A collective is a number of persons or things considered as a group or whole. A soldier is not an army, an army is a group of soldiers. A rock is not a pile, a rock-pile is a group of rocks. 1 is something considered as a unit. Ten is a way of treating as a unit or whole, a group of ten units.

A free individual is an individual who is free to do what is not explicitly forbidden by objectively constructed law.

Collectivism is a social theory which (among other things) is willing to sacrifice the inalienable rights of the individual to the group. Individualism is a social theory which (among other things) constructs its laws using the principle of the inalienable rights of the individual as the objective basis for evaluating if a law is proper for a non-oppressed society.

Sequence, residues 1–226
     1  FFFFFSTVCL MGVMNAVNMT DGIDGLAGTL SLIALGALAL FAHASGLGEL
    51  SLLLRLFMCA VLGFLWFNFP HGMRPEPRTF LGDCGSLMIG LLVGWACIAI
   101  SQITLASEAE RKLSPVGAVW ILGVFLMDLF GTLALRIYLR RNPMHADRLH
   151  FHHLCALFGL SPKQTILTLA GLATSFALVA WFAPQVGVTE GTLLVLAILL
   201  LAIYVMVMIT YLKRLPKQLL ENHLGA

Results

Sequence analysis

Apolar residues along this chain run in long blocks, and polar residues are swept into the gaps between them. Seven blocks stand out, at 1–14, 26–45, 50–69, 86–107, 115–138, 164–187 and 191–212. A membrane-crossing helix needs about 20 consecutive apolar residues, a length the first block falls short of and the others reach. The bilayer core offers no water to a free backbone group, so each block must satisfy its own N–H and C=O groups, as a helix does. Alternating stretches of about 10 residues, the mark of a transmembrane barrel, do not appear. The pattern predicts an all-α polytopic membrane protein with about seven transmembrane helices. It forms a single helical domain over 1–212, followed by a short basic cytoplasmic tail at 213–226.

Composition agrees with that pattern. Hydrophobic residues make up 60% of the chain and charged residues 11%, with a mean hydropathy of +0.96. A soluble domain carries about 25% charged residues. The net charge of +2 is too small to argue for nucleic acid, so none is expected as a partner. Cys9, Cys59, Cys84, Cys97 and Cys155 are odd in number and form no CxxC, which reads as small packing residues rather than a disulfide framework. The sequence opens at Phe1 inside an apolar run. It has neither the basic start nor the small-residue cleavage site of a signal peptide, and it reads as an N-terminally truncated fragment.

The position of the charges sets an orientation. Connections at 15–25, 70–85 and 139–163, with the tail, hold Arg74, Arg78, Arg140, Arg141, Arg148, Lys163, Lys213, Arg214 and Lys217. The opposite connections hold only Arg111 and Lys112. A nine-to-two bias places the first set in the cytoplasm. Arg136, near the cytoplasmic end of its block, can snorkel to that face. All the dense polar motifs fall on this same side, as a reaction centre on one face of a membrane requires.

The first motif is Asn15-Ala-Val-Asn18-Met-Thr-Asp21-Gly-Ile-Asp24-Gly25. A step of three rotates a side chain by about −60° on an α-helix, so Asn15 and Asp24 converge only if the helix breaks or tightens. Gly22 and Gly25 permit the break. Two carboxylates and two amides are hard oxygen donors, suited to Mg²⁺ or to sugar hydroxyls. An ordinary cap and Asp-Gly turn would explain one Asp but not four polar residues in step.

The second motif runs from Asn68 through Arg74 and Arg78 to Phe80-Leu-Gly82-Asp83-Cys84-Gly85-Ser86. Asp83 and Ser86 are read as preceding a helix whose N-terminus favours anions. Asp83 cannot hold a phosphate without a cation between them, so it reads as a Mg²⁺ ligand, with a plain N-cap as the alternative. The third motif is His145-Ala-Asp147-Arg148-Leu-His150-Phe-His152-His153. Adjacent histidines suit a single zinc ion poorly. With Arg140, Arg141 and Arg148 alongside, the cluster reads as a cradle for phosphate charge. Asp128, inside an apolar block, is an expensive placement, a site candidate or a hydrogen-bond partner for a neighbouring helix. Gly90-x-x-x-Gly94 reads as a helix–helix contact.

To determine if a definition is valid, it is the concepts which must be validated - that is the concept needs to be related back to the concretes which made it necessary. This process is outlined in Ayn Rand's book "Introduction to Objectivist Epistemology" More broadly, in order for a proposition to be true, at minimum, it must consist of valid concepts before further evaluation is warranted.

answered Dec 29 '11 at 14:14

dream_weaver's gravatar image

dream_weaver ♦

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Asked: Dec 27 '11 at 23:05

Seen: 1,054 times

Last updated: Dec 29 '11 at 23:44